Control and prevent root rot from happening by providing your calla lilies with well-draining soil. You may want to consider reducing your watering sessions.

However, do NOT overwater your calla lilies, as overwatering can also have the leaves turn yellow and drooping during the summer season. It should never sit in water for over 15 minutes long.

Make sure that you allow the compost to almost dry out between watering, and water them in the morning instead of the night so the roots won’t sit in wet compost overnight, drying out during the daytime.

2. Transplant It Correctly

When you transplant calla lilies, do NOT plant it too deep to the point the soil would cover the stem’s base. This can encourage root rot. When you plant the calla lily in containers, use a plant pot that has drainage holes.

It’s very important to plant your calla lilies in well-drained soil in raised beds as well, so the soil drains water well after watering. Also, if transplanting calla lilies, plant the rhizomes very carefully to prevent injuries that may affect its growth and leaves’ development.

You may also want to consider giving it proper fertilizer, doing so monthly when the leaves are yellowing or producing no flowers.

3. Care for Them During Winter

In autumn, when calla lilies have finished flowering, its leaves will turn yellow then die back, as mentioned above.

When this happens, cut your plants down to the grown and dig up its tubers, placing them in a greenhouse or on warm and sunny windowsills for them to dry. Once they dry, wrap tubers in a newspaper, storing them somewhere dark and cool during the winter.

If you have indoor calla lilies, remove any brown leaves, keeping your plants at a temperature of at least 10 degrees Celsius, watering them less during these times.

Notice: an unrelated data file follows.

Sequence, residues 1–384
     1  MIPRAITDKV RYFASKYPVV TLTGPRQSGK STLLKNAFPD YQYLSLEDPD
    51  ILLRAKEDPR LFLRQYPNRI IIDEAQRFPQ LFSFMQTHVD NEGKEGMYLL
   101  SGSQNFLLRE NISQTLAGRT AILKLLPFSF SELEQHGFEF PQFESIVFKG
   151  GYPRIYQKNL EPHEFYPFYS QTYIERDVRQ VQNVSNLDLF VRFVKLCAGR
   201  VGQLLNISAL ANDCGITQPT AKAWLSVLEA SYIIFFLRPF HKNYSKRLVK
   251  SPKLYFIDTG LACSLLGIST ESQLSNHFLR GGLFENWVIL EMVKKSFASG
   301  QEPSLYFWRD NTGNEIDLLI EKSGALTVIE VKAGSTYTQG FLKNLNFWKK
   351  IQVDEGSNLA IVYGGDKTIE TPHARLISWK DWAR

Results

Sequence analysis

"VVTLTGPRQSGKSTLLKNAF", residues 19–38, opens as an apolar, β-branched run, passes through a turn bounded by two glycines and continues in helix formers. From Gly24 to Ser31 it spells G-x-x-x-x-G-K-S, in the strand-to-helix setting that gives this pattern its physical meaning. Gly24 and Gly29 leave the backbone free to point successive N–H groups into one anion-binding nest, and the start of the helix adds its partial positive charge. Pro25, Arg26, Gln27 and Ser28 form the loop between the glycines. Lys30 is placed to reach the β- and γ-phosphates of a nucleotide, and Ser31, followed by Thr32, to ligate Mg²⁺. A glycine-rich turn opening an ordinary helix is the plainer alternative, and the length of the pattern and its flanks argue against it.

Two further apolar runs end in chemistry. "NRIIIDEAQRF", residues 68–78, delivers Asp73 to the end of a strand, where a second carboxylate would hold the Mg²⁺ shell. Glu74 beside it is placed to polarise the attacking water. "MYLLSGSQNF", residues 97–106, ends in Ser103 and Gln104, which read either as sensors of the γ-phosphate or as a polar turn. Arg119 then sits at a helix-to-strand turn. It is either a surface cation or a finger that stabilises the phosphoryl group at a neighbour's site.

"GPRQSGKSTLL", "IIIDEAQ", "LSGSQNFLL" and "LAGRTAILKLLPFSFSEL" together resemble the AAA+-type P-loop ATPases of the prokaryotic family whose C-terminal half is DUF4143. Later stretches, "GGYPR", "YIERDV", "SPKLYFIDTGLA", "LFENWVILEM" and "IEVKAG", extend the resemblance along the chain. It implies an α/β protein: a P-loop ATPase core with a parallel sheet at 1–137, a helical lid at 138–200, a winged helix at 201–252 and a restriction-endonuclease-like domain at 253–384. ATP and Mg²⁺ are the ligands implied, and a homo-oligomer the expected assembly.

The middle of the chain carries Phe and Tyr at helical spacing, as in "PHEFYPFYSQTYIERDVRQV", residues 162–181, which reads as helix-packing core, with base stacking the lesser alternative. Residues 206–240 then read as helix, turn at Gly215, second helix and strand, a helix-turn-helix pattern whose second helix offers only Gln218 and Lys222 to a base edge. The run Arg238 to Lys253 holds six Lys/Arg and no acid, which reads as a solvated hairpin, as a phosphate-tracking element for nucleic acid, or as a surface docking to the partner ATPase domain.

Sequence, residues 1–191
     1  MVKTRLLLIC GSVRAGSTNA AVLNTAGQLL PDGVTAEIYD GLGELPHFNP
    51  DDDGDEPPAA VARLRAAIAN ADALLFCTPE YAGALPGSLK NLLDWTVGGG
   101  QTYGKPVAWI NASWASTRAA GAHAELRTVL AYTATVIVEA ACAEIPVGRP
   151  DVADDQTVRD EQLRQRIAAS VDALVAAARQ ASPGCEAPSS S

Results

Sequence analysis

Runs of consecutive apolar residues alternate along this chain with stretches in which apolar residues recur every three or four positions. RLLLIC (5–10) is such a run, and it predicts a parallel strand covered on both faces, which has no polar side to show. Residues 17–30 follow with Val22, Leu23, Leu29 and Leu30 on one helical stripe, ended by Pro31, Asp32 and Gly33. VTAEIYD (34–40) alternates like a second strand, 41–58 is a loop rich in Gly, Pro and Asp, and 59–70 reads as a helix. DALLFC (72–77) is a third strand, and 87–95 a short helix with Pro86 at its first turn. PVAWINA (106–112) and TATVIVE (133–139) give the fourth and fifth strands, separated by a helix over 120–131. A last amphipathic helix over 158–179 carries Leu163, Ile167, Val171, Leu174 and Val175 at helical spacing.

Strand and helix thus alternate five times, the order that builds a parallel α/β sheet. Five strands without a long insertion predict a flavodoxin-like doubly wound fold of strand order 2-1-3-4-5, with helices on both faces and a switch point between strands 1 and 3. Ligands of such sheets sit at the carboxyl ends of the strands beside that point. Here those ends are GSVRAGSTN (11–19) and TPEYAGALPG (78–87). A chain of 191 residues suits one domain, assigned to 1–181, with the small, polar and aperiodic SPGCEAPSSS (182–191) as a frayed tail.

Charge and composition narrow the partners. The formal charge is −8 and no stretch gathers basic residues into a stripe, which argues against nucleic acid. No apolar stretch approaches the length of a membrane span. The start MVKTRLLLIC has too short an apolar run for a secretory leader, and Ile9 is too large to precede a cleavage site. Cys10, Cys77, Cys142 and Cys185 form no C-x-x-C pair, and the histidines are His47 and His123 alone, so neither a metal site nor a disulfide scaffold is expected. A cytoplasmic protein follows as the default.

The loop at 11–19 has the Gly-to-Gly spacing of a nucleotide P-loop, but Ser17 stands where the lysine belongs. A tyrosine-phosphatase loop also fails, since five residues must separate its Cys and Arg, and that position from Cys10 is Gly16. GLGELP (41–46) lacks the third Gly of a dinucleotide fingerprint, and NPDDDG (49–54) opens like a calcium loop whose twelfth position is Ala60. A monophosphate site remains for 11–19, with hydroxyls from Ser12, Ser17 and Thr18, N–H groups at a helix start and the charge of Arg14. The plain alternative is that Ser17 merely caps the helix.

Do you want to learn more about how to care for your calla lily plants? Here is an informative video to check out:

Wrapping It Up

The calla lily is the classic bulb plant, and if its leaves have begun to yellow, not to worry! This is a normal occurrence and there are ways you can remedy it. You first just have to make sure that you know the root cause so you know what to do to nurse it back to health.

I hope that this article answered your question, “why are my calla lily leaves turning yellow?” Now that you know the answer, make sure that you find the exact reason behind your calla lily leaves yellowing to know what action to take now. Good luck!

3 thoughts on “Why Are My Calla Lily Leaves Turning Yellow? The Reasons Why”

  1. You did not mention what type of nutrients / fertilizer combination to use: NPK

    Please update article or follow up on this it would be helpful

    • What is the best combination of NPK fertilizer?
      Studies have found that the ideal NPK fertilizer ratio of those nutrients for flowering plants is 3-1-2. (That’s 3% Nitrogen, 1% phosphorus & 2% potassium.) So look for that ratio on the label of packaged fertilizers; anything close to a 3-1-2, a 6-2-4 or a 9-3-6 should be ideal.

      You can search for the nutrient ratio of each plant or flower according to the information on the packaging of NPK fertilizer products. Thanks a lot 🙂